Ryan Murphy Quotes
Ryan Murphy is one of the few super-producers working in TV, along with the likes of Shonda Rimes and Greg Berlanti. His run of hit shows includes NIP/TUCK, GLEE, AMERICAN HORROR STORY, AMERICAN CRIME STORY, and FEUD.
In 2018, Ryan Murphy left his home at 20th Century Fox Television and signed a mega-deal with Netflix, reportedly worth $300 million over five years.
Here are 10 of the best Ryan Murphy quotes for producers, writers and directors…
10 Ryan Murphy Quotes for Producers, Writers and Directors
“People have always made me feel like somehow being prolific is a bad thing, but I don’t want to apologise for it.”
“I grew up in this house with broken dreams, and I remember thinking, ‘You know what? F*ck it. I would rather fail than be miserable. So I have applied that philosophy to my career. I’m not going to do anything unless I am afraid of it.”
“I think people think I’m cynical and dark — it’s not true. I think the key to success in television is to do something that either nobody has tried to do or to reinvent a genre that has not worked or is dead.”
“With all of my work, it always takes a while for people to get it. It goes from, ‘What the hell is that?’ to ‘Oh, I like that.'”
“I don’t write regularly, particularly on the TV shows. I have to muse on something for a really long time. I’ll think what the episode is about for a week or two, and then it’ll just explode out of me.”
“I remember being so devastated that [my first script] didn’t go. But just the other day I told a young writer who did a TV show that just got cancelled, “Listen, here’s a thing you won’t know at 30 that you will know at 45: Every failure or miss or moment where you’re like, “Why is my world ending?” leads you to your success.” I know it’s corny to say, but it’s almost like your path is predetermined. The failure of that script led to my first big break.”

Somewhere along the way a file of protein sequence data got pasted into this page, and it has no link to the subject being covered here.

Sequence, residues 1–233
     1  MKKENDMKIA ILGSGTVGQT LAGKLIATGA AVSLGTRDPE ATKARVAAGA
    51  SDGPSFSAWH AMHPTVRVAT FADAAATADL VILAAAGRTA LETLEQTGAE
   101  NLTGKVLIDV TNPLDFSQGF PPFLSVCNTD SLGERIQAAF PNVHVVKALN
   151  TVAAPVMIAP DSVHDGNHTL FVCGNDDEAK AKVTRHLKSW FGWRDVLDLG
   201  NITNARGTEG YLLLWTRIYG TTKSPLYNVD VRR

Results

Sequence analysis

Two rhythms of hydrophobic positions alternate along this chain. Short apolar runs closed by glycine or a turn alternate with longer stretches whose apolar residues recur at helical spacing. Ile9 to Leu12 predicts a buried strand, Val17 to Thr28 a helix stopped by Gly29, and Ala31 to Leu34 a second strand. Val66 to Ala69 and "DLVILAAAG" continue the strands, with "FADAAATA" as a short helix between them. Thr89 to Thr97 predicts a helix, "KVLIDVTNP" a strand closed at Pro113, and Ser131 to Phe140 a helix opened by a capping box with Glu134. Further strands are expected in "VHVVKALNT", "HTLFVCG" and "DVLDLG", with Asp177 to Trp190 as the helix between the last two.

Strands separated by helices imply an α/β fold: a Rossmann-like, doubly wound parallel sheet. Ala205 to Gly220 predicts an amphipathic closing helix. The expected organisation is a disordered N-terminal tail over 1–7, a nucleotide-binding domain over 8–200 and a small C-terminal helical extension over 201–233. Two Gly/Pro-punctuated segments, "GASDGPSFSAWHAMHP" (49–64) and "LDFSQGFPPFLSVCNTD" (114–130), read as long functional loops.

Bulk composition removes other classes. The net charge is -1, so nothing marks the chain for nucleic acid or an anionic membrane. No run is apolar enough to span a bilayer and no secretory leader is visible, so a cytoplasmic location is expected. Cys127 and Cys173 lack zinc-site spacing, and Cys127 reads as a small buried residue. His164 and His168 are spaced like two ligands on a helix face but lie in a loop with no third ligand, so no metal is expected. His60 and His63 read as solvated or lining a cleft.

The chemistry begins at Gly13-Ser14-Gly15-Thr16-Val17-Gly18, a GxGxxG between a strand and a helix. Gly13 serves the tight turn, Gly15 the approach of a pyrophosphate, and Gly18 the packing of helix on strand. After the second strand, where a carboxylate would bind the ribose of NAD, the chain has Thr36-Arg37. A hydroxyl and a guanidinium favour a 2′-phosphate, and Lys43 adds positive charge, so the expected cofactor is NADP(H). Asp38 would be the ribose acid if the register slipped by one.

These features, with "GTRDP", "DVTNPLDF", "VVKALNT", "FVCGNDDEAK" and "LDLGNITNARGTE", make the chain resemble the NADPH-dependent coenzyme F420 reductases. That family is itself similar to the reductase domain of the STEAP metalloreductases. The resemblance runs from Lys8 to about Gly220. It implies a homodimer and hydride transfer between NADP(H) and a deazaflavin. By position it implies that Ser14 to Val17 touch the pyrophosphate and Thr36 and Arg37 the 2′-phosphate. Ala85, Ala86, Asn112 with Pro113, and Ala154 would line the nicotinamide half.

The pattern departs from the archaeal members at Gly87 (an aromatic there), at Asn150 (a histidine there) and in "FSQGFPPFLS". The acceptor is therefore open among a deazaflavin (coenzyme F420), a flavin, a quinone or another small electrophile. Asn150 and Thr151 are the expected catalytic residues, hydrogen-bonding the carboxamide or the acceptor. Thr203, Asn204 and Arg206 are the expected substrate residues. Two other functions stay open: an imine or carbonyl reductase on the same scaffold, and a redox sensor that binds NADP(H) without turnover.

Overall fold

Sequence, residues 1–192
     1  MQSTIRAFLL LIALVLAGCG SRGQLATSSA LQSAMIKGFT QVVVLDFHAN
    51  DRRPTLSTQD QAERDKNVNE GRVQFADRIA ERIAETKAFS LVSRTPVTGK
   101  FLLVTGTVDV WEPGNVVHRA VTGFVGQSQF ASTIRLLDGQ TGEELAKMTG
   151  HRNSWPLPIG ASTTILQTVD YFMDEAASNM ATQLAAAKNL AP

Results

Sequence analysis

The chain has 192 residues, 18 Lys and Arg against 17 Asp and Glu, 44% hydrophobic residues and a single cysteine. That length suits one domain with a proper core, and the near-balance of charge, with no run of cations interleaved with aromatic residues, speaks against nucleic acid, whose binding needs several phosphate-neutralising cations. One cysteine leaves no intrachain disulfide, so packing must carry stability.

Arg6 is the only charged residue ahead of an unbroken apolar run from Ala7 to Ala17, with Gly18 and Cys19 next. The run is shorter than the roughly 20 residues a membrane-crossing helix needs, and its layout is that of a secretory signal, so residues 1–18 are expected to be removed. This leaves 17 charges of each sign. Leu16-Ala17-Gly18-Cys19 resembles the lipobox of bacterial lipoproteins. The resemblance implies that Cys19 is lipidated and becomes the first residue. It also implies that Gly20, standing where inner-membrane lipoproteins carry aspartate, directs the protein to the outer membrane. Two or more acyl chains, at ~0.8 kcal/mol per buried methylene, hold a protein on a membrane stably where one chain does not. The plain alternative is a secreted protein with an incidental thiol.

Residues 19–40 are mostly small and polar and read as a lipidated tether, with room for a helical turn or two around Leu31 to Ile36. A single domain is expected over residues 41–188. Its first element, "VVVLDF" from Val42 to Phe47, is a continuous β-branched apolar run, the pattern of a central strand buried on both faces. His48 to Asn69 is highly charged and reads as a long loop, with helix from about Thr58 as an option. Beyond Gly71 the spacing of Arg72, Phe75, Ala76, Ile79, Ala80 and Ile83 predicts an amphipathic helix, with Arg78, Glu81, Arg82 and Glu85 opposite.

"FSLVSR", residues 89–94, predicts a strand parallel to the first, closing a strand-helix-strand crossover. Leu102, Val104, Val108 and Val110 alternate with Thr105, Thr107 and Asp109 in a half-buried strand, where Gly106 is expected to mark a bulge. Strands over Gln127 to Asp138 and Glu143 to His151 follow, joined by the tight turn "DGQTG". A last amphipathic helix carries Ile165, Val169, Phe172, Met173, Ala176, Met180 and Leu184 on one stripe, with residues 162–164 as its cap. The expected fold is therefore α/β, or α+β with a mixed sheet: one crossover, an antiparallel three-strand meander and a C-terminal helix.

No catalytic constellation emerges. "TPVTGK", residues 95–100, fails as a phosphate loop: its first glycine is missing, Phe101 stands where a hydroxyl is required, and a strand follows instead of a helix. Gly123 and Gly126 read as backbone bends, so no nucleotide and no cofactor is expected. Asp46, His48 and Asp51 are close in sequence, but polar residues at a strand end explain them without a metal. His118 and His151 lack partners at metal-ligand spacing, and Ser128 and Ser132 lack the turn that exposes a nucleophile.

- “What I like to do is to figure myself out through those characters. Like, why did I do that? Or, what was I trying to do there? It’s cathartic, and I like to sort of give myself sometimes happy endings that I wish I had had. Like with Kurt’s dad on GLEE. Now I look at my father, and I feel like I’ve got to forgive him for some stuff.”
“As a showrunner, you can never be a maybe. When I do movies, there is a lot of “maybe” and “let’s investigate that.” But for TV, it has to be yes or no. I’m very black and white about what I like or don’t like, and I’ve always been that way.”
[on his commitment to hire women to direct at least half his shows] “I changed the dynamic of my company. The most important thing is that the culture has changed to be more about ideas and the exchange of ideas than ego. It’s interesting when women direct. The work is better. They ask more people to participate. I’ve been doing this a year and a half. It’s been a really good change in my life.”
“After more than four or five years with a show, I think you have to move on or sort of train someone to see things like you see them. Tone is everything in TV. I would hand it off to somebody else, but I would stay involved. I also believe in bringing a lot of young people up and giving them their first breaks.”
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